Steve Outing gives a hopeful roadmap for transforming a newspaper into a more relevant community connection, using micro-bloggers organized by community of interest with geo-tagged content to focus on local:
But there’s trouble with going deeper on local coverage. Most newspapers already do a good job with staff reporting of the most important and interesting local news. To dig down deeper is, for one thing, probably impossible using existing staff (which likely has been reduced in the last year or so). The obvious next step is to reach out to community members, local experts, students, teachers, community group leaders, retired journalists, etc. Yes, it’s the dreaded “citizen journalism” model.
For some reason, I thought of the blockers in a traditional media company trying to transform into a C3 as three separate big issues, or Gorillas, that stood in the way of progress – culture, organization and technology. All three are evident in Outings column, and this quote from Amy Gahran
Also, today’s journalists can — and probably should — consciously shift away from jobs that revolve around content creation (producing packaged “stories”) and toward providing layers of journalistic insight and context on top of content created by others (including public information).
Outing still focuses on reporting stories, even using expanded community resources, and even Amy melds content creation with product creation, which shows how deeply one of the main blockers is embedded in our organizations. We are organized to produce products on deadlines. Those products have changed from 5 broadcast and 2 print deadlines per day to numerous creation of online and mobile products, but we are still organized around products. We do not think first of communities of interest, affinity or micro-geography, then creating or collecting snippets, or tweets, of factual information of interest to that particular community, placing them into a contextual framework ( think wiki) and only later arranging them into the narrative of a print story, broadcast package or online update. We are focused from the first on our task of creating the product, perhaps online first and then print or broadcast, but still a packaged product.
Those products have sustained us, by providing vehicles for mass-distribution advertising. We don’t want to rock that boat, leading to our culture, developed over the last decades, of risk aversion. We still don’t want to rock that boat – we have to protect the core franchise. To see one of the most intense expositions of these issues, see this October 10 post on Xark. But if we only produce packaged products, we are limiting ourselves and not allowing users to define their information requests in only ways they can imagine, and targeting actionable advertising messages much closer to the point of purchase.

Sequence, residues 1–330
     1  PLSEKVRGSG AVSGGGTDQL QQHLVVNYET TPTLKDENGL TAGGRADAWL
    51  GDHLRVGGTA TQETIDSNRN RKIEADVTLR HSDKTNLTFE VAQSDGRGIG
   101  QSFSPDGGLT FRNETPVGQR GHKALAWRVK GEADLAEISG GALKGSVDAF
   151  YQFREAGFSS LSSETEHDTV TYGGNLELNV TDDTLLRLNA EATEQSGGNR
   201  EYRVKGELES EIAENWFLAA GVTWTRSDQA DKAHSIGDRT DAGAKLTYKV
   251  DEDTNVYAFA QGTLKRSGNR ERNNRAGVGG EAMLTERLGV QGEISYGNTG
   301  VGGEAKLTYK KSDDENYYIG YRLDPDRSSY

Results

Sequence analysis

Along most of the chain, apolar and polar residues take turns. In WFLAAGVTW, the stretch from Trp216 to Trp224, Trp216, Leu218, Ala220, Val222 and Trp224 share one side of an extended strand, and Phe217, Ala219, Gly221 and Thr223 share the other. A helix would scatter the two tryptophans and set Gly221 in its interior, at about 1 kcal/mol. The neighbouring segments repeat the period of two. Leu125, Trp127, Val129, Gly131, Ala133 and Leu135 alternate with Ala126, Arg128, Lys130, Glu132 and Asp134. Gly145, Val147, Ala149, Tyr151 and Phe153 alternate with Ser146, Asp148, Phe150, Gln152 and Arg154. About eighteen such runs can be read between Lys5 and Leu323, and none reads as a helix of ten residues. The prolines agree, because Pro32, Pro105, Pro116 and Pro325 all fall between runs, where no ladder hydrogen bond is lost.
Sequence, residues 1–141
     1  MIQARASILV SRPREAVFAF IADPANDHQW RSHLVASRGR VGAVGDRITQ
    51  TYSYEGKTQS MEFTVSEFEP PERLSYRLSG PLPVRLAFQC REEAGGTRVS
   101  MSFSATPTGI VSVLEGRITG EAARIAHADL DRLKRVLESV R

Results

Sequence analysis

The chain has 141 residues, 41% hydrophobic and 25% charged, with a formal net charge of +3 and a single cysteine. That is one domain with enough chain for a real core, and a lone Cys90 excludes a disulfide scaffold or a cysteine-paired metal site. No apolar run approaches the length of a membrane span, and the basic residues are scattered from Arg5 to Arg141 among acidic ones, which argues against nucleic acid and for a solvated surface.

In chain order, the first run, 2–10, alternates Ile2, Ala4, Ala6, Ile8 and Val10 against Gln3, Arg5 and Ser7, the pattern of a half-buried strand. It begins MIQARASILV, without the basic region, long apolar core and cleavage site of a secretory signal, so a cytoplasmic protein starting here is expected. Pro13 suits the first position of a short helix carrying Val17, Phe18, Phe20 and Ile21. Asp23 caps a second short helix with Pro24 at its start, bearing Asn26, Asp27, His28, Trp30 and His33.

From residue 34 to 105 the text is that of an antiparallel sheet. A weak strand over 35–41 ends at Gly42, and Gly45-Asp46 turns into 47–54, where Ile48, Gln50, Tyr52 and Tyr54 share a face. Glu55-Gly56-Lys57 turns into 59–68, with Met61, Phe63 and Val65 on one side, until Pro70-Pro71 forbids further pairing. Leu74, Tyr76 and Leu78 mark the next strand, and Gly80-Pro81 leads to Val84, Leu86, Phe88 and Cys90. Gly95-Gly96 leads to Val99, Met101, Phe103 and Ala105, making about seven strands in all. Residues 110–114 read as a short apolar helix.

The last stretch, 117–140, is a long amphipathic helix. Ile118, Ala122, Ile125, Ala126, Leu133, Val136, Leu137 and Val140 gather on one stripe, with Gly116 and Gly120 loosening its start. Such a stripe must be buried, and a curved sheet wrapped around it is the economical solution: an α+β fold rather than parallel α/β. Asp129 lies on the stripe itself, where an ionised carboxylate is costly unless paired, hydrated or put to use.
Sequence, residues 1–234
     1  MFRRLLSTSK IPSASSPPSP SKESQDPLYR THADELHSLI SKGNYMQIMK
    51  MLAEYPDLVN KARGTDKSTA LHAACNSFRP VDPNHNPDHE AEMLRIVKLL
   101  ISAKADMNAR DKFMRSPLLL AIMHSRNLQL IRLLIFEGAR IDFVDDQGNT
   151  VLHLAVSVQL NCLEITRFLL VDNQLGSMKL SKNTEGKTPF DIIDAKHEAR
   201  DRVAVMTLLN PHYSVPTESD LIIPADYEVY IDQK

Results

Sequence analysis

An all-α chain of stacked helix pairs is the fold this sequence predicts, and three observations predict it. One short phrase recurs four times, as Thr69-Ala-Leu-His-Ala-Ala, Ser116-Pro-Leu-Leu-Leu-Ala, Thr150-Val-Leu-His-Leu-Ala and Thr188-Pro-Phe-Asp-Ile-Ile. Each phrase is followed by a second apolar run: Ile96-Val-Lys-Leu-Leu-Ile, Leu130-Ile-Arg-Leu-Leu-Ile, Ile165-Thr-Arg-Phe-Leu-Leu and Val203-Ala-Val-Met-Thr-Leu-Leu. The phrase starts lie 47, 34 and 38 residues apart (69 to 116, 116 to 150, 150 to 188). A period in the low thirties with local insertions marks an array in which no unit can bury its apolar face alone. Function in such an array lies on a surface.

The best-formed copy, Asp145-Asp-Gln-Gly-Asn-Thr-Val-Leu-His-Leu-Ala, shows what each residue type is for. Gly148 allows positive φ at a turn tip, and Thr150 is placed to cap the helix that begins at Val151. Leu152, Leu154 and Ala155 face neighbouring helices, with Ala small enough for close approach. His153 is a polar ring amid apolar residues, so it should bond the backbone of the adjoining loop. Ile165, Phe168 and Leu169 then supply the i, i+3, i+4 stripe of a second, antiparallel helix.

Even if we had the organization and culture to focus on information in context for multiple communities on multiple platforms, we are bound by our technology, which at its very core is designed for publishers or broadcasters to create and distribute packaged products. We think it is great to be able to take that packaged product and distribute it online or on a mobile device. What we need is the ability to create and collect, in the first instance, textual snippets, audio, video, and visual assets in native XML, tag them appropriately, and place them in a contextual framework that has meaning for the community or communities that have interest in that information. Several of us have been working on those technical issues under the NAA’s Integrated Content Management Framework initiative. e-Me Ventures in Oak Park has been an integral player in conceptualizing these issues, including the need for unique asset identifiers.
What can we, as traditional media companies do to tackle these three Gorillas?
1. Assure that top management understands the issues, and the magnitude of change necessary.
2. Define a community of interest or affinity to develop.
3. Dedicate experimental resources to using native XML digital assets to create a framework for that community to add its own assets. This will probably take cooperation among several media companies and selected vendors.
4. Develop a contextual framework (flexible wiki) to allow the community to place those assets in context, and for trusted members to modify the contextual framework. This will also take some tweaking of existing “wiki” platforms, best done in concert.
5. Use that information to “seed” packaged stories for mass distribution, referencing the community, to develop a “virtuous cycle” of strengthening the effort.
6. Develop a business model that shares revenue from actionable advertising messages with all content creators, or an organization for the benefit of the community (school booster club).
Is this possible?